WHITBY’S old lifeboat, which saved 201 lives during its years of distinguished service, had to be rescued itself when it got into difficulty on Tuesday (17 May).
The Mary Ann Hepworth, which now runs pleasure trips out of Whitby harbour, broke down near Whitby bell buoy, about a mile out to sea, at around 3pm.
Boat owner Barry Sneddon said: “It was the last trip of the day and as we leave the harbour I always joke ‘there’s Whitby’s new lifeboat, if anything goes wrong we will get a free ride on it’, and blow me we broke down.”
The old boat was towed back into Whitby Harbour by the new lifeboat, the George and Mary Webb, and the problem was found to be with the steering.
Mr Sneddon added: “We were so embarrassed but the passengers thought it was marvellous.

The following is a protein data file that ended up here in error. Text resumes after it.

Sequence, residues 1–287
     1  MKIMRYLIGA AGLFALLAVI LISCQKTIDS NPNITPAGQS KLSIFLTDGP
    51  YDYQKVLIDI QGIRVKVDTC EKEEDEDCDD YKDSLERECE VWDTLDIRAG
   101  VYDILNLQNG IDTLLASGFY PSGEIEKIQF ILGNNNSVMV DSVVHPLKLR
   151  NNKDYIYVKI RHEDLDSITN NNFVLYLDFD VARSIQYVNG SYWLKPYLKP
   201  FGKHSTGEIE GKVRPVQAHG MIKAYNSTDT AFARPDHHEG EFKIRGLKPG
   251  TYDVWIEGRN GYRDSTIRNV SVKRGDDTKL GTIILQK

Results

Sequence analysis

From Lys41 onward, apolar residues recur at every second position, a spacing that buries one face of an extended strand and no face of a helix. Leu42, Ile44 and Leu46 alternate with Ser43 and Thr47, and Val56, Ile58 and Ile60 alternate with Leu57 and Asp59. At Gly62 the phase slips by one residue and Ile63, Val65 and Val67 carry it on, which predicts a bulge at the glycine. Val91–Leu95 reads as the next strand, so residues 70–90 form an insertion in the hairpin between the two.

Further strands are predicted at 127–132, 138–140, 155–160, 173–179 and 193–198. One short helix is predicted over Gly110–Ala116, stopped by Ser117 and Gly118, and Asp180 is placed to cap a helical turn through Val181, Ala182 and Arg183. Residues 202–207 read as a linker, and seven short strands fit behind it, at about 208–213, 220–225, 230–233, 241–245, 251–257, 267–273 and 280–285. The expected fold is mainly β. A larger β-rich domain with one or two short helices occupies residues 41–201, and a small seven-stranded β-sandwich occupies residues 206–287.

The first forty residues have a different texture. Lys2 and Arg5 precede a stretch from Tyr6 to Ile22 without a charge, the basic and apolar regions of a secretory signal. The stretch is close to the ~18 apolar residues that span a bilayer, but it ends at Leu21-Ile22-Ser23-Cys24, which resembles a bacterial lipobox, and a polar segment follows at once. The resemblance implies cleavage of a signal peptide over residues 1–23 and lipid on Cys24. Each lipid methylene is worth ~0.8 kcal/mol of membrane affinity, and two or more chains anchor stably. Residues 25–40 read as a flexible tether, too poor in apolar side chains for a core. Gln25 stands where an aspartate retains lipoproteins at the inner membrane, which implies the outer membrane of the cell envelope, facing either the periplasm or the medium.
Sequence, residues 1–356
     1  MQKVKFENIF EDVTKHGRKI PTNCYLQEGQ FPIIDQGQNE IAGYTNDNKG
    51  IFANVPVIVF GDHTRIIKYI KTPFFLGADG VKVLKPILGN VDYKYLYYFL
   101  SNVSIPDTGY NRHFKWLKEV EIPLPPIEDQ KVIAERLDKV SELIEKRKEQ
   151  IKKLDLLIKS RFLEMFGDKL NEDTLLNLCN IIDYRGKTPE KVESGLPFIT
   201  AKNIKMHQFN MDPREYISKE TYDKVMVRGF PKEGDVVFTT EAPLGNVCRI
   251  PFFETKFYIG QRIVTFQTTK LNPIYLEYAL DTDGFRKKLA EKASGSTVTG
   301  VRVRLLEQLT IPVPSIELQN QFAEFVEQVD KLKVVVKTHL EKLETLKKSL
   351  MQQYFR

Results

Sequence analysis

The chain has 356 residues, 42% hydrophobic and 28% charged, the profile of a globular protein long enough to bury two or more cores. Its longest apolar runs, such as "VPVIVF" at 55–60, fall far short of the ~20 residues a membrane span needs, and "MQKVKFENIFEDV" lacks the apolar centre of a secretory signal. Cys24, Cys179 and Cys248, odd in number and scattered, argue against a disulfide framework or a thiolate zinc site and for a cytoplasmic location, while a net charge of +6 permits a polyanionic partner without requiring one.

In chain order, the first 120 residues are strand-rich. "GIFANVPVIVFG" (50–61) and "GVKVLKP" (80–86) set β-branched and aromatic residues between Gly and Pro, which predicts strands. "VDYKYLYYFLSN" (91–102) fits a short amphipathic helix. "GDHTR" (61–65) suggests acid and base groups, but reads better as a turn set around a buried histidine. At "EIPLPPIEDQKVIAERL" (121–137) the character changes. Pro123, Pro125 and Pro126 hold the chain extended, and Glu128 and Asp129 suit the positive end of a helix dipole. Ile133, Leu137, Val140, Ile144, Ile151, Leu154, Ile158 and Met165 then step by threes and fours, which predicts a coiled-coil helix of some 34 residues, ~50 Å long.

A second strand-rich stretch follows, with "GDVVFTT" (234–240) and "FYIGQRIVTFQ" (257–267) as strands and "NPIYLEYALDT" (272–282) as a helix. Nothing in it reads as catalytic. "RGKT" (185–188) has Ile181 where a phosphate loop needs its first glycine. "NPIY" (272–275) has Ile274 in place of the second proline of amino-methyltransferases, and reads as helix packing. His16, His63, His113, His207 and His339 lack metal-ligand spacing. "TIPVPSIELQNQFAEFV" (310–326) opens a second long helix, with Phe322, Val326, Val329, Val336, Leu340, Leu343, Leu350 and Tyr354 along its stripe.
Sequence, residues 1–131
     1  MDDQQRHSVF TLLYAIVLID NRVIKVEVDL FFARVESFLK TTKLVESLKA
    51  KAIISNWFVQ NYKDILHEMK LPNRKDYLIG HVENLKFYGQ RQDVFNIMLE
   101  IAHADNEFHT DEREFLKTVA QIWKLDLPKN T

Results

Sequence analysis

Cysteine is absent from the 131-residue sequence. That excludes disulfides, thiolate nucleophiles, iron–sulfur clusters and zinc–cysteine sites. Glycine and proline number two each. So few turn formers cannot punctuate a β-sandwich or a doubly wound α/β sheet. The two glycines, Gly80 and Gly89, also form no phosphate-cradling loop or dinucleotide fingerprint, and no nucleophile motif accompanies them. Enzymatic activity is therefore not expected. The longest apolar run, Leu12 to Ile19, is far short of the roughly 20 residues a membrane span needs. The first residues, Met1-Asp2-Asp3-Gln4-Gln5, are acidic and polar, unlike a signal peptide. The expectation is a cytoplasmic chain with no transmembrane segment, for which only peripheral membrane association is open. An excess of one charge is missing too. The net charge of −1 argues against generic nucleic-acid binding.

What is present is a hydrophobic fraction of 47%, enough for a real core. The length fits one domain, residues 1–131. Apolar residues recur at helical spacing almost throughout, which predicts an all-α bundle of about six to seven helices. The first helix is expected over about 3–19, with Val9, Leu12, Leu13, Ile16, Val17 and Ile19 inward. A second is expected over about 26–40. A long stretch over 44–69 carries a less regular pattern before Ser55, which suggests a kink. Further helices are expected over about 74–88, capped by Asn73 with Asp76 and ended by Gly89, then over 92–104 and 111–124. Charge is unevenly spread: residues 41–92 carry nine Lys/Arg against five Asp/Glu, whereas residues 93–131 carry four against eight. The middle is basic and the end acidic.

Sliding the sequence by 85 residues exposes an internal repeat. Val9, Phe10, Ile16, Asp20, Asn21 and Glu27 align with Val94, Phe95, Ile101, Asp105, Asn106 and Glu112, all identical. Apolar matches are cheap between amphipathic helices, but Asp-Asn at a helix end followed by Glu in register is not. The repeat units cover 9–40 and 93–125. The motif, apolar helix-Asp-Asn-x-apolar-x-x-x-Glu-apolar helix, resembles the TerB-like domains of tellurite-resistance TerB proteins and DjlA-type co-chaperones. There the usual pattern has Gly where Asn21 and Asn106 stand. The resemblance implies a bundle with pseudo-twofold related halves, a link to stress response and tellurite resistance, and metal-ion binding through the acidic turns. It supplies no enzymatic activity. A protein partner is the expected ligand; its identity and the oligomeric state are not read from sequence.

“We have been running for 26 years and it’s the first time we have had to be rescued.”
Spare parts were ordered for the old lifeboat and it should be back in business today (20 May).
The Mary Ann Hepworth was state-of-the-art when she was launched in 1938 and she went on to become one of the longest serving RNLI boats in the fleet, before retiring in 1974.
She was purchased by Barry Sneddon in 1988 and he returned her home and restored her to her original lifeboat colours.
*Whitby’s offshore lifeboat was also called out yesterday morning to rescue a stricken fishing boat.
The Silver Lining had problems with its fuel propeller at around 5am and was towed back into Whitby harbour by the George and Mary Webb.